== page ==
On May 30, 2007, the jury returned a verdict finding Joseph Stanley negligent and awarding the plaintiff $194,782.47 in damages. The verdict form presented only negligence as a potential ground of recovery. This verdict was reduced to final judgment against the defendants on that same date. The defendants timely moved for judgment notwithstanding the verdict, arguing the same grounds that were asserted in the motion for directed verdict. The trial court denied the motion.

In reviewing the denial of a motion for directed verdict, we must view the evidence in a light most favorable to the non-moving party. Allen v. Stephan Co., 784 So.2d 456, 457 (Fla. 4th DCA 2000). If there is any evidence to support a verdict for the non-moving party, it is improper to enter a directed verdict. Liggett Group, Inc. v. Davis, 973 So.2d 467, 475 (Fla. 4th DCA 2007).

The rules governing the use of circumstantial evidence in a civil case were set forth in Nielsen v. City of Sarasota, 117 So.2d 731, 733 (Fla. 1960):

The sum of all of these opinions is that in a civil case, a fact may be established by circumstantial evidence as effectively and as conclusively as it may be proved by direct positive evidence. The limitation on the rule simply is that if a party to a civil action depends upon the inferences to be drawn from circumstantial evidence as proof of one fact, it cannot construct a further inference upon the initial inference in order to establish a further fact unless it can be found that the original, basic inference was established to the exclusion of all other reasonable inferences.

The rule that an inference may not be stacked on another inference is designed to protect litigants from verdicts based upon conjecture and speculation. Voelker v. Combined Ins. Co. of Am., 73 So.2d 403, 407 (Fla. 1954).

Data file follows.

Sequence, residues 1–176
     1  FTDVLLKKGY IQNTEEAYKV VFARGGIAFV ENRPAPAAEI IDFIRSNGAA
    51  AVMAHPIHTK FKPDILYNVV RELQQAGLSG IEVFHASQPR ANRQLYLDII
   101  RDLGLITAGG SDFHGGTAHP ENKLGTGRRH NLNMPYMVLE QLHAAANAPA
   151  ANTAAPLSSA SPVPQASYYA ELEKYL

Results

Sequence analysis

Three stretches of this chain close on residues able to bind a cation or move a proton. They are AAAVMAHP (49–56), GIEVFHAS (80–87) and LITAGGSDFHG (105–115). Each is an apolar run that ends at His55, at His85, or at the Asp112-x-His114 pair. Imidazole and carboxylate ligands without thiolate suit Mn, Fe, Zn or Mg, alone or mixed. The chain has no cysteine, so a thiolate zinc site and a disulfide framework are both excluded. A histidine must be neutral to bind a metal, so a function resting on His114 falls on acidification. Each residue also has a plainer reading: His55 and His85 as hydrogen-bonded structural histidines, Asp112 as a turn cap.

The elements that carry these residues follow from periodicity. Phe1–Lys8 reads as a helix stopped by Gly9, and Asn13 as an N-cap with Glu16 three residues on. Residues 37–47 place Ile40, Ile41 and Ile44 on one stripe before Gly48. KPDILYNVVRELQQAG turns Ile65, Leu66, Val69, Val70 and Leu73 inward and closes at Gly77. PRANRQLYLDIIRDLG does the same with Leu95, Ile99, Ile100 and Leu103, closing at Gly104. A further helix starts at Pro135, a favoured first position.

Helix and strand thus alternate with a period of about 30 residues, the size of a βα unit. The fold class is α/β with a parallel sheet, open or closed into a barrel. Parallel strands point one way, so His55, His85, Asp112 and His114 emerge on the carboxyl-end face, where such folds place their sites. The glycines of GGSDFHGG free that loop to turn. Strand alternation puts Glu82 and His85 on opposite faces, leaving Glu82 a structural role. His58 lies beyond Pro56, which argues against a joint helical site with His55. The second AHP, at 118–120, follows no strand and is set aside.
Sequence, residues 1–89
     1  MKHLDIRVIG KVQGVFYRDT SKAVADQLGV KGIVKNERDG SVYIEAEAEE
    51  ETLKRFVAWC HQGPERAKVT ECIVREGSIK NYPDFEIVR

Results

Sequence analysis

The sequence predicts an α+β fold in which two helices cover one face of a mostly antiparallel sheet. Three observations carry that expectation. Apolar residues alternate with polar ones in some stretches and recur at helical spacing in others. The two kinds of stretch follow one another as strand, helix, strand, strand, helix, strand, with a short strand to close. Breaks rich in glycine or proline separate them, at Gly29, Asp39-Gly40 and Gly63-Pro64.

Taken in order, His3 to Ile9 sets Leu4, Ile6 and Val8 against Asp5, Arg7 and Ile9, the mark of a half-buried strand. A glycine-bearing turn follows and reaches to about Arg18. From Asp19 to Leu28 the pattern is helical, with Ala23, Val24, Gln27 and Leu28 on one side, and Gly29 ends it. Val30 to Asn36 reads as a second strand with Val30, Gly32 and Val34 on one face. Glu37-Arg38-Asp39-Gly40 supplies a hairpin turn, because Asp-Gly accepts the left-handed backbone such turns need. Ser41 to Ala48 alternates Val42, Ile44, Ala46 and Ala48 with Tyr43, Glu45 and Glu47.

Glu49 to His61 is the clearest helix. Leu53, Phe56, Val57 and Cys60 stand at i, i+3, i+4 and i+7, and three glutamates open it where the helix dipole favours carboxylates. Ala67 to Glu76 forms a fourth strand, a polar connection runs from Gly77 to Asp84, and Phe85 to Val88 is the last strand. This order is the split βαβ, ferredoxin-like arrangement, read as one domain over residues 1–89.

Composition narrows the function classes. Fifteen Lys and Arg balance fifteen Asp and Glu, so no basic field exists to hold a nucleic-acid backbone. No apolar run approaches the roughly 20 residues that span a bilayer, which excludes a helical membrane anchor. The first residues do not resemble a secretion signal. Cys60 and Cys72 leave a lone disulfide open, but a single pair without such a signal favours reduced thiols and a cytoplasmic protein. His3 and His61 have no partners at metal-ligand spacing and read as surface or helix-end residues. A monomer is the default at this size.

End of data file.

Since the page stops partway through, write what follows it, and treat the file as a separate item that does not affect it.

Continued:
An example of this rule in action is found in McCormick Shipping Corp. v. Warner, 129 So.2d 448, 449-50 (Fla. 3d DCA 1961). There, a passenger brought suit against a cruise ship owner for injuries she sustained in a fall while descending the ladder from an upper bunk. The plaintiff alleged that the defendant was negligent in failing to inspect the ladder properly and warn of its defective condition. The third district reversed the denial of the directed verdict in that case, stating:

The jury was required under the circumstances to infer that there was negligence on the part of the appellant in providing a defective or inadequate ladder and upon that inference, to infer further that such negligence was the proximate cause of the fall. Clearly the record does not support the conclusion that the initial inference was justified to the exclusion of any other reasonable inferences and therefore, the rule prohibiting the finding of an ultimate fact on an inference based upon an inference controls.

Id. at 449-50.

The defendants argue that, as in McCormick, the jury in this case was invited to infer that the landlord's attempted repair of the roof was negligently performed and then stack upon that inference the further inference that the defective roof repair caused the ceiling in the plaintiff's unit to collapse weeks later. Defendants argue that the verdict can stand only if the first inference, i.e., that the landlord negligently performed the repair, was established to the exclusion of any other reasonable inference. Although it is possible that the roof repair was negligently undertaken, one could also reasonably infer that any later leak had some other cause, such as concealed damage from the two recent hurricanes. Because the first inference was not established to the exclusion of all other reasonable inferences, the trial court should have granted the defendants' motion for a directed verdict. See also Malon v. Serv. Mgmt. Co., 416 S.W.2d 44 (Mo.App. 1967) (affirming directed verdict where tenant failed to show that landlord did not use ordinary care in performing roof repairs).


KLEIN and DAMOORGIAN, JJ., concur.